Quotes for "Oryx and Crake"

Margaret Atwood

  • “It is the strict adherence to daily routine that tends towards the maintenance of good morale and the preservation of sanity,” he says out loud.
  • Women, and what went on under their collars. Hotness and coldness, coming and going in the strange musky flowery variable-weather country inside their clothes – mysterious, important, uncontrollable. That was his father’s take on things. But men’s body temperatures were never dealt with; they were never even mentioned, not when he was little, except when his dad said, “Chill out.” Why weren’t they? Why nothing about the hot collars of men?
  • “Never mind, old buddy,” said his father. “Women always get hot under the collar. She’ll cool down. Let’s have some ice cream.”
  • “They had to be burned,” he said, “to keep it from spreading.” He didn’t look up; he was fooling with his pocket calculator, jotting with his pencil. “What from spreading?” “The disease.” “What’s a disease?” “A disease is like when you have a cough,” said his mother. “If I have a cough, will I be burned up?” “Most likely,” said his father, turning over the page.
  • Jimmy’s mother’s hair was what she herself called dirty blonde. (“Not dirty enough,” said his father.
  • Ramona was supposed to be a tech genius but she talked like a shower-gel babe in an ad. She wasn’t stupid, said Jimmy’s dad, she just didn’t want to put her neuron power into long sentences.
  • They spent the first three years of school getting you to pretend stuff and then the rest of it marking you down if you did the same thing.
  • He too is a castaway of sorts. He could make lists. It could give his life some structure.
  • We are not here to play, to dream, to drift. We are here to practise Life Skills.
  • This hearty way of talking was getting worse, as if his father were auditioning for the role of Dad, but without much hope. Jimmy had done enough faking himself so he could spot it in others, most of the time.
  • Cork-nut, he’d say to anyone who pissed him off. Anyone who wasn’t a girl. No one but him and Alex the parrot knew exactly what cork-nut meant, so it was pretty demolishing. It became a fad, among the kids at the HelthWyzer Compound, so Jimmy was considered medium-cool. Hey, cork-nut!
  • Jimmy’s mother had left some new clothes for him, in the sizes she said he would soon grow into. They were sucky, like the clothes she always bought. Also they were too small.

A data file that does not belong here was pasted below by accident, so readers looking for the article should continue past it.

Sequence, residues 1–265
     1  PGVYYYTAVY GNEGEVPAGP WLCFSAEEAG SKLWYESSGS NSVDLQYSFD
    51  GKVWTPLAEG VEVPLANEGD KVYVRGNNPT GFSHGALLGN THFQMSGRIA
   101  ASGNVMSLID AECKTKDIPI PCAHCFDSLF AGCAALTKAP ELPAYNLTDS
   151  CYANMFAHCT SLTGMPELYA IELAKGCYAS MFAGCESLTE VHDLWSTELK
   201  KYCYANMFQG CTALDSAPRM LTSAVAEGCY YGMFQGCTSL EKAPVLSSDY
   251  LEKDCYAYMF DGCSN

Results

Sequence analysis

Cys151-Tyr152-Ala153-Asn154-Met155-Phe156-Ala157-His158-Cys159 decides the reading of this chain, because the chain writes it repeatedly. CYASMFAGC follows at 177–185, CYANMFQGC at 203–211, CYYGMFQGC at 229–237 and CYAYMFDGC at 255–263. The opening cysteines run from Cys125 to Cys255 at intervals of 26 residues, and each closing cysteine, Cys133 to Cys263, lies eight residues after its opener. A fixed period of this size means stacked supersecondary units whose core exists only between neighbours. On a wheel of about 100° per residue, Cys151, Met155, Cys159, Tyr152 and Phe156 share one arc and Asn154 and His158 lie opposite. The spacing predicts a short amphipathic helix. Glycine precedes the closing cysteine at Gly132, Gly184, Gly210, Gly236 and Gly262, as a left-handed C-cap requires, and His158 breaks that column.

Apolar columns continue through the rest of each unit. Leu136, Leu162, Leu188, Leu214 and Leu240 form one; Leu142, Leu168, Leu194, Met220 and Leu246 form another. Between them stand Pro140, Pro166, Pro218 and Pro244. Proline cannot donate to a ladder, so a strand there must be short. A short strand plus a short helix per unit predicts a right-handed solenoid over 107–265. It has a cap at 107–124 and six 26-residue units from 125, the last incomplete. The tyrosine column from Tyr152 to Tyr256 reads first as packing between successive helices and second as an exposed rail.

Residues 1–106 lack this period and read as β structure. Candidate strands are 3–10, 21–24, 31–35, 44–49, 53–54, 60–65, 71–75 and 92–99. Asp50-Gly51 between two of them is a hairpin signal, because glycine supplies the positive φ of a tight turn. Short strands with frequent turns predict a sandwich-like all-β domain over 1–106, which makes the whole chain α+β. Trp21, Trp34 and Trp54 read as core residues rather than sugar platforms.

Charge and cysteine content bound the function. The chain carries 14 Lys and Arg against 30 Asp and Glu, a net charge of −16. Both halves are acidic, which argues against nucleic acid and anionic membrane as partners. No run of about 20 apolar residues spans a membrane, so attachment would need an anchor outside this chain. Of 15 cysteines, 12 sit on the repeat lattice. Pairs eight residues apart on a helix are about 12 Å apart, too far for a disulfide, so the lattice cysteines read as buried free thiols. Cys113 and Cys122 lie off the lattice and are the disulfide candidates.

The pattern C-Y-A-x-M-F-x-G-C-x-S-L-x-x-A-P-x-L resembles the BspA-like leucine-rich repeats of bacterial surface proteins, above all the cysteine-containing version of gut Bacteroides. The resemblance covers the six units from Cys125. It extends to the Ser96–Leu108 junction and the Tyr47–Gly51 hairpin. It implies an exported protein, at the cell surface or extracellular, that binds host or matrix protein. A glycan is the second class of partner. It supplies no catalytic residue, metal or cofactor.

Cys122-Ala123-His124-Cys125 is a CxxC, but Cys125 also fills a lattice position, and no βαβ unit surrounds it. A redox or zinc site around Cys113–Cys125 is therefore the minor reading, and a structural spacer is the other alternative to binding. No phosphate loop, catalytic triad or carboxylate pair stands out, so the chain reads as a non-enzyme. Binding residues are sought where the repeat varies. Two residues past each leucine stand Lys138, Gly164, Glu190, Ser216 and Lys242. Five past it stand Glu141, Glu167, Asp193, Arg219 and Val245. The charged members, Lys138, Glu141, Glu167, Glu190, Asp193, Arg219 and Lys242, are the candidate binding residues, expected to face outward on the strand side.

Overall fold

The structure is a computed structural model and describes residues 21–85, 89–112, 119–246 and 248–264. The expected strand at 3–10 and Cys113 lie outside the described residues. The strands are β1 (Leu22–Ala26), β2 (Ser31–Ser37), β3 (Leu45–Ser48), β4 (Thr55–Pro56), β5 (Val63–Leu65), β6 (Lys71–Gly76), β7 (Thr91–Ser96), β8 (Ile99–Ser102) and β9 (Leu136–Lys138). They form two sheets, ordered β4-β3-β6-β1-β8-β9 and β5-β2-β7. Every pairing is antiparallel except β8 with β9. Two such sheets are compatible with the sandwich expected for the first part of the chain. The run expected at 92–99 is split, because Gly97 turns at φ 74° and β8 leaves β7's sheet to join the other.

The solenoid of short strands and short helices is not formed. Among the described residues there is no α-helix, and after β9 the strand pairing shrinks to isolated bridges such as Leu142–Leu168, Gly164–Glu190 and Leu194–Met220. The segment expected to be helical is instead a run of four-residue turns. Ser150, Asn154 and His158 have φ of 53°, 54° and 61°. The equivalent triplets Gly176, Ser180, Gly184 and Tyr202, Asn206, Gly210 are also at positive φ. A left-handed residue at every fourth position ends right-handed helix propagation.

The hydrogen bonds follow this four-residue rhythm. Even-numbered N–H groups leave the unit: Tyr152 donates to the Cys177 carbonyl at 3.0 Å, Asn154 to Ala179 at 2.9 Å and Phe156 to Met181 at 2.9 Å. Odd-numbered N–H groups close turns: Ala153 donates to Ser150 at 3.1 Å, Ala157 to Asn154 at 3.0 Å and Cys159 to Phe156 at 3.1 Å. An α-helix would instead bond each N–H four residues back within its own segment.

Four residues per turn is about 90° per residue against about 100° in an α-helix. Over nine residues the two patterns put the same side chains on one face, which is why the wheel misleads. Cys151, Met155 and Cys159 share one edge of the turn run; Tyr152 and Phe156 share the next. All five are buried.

• Nevertheless there was something about Crake. That kind of cool slouchiness always impressed Jimmy, coming from another guy: it was the sense of energies being held back, held in reserve for something more important than present company.
  • These planned departures made him uneasy: they reminded him of Alex the parrot saying I’m going away now. There was too fine a line between Alex the parrot and the assisted suicides
  • Sometimes she would ask Crake if his room was tidy, though she never went in there herself. “She believes in respecting a child’s privacy,” said Crake, straight-faced. “I bet it’s your mouldy socks,” said Jimmy. “All the perfumes of Arabia will not sweeten these little socks.” He’d recently discovered the joys of quotation.
  • “Forget it,” says Snowman. “Let’s try again.” Toast was a pointless invention from the Dark Ages. Toast was an implement of torture that caused all those subjected to it to regurgitate in verbal form the sins and crimes of their past lives. Toast was a ritual item devoured by fetishists in the belief that it would enhance their kinetic and sexual powers. Toast cannot be explained by any rational means. Toast is me. I am toast.
  • “They didn’t have names,” said Oryx, “but I knew what they were.”
  • “What did you do for him? You sucked him off?” “Crake is right,” said Oryx coldly. “You do not have an elegant mind.”
  • “I don’t buy it,” said Jimmy. Where was her rage, how far down was it buried, what did he have to do to dig it up? “You don’t buy what?” “Your whole fucking story. All this sweetness and acceptance and crap.” “If you don’t want to buy that, Jimmy,” said Oryx, looking at him tenderly, “what is it that you would like to buy instead?”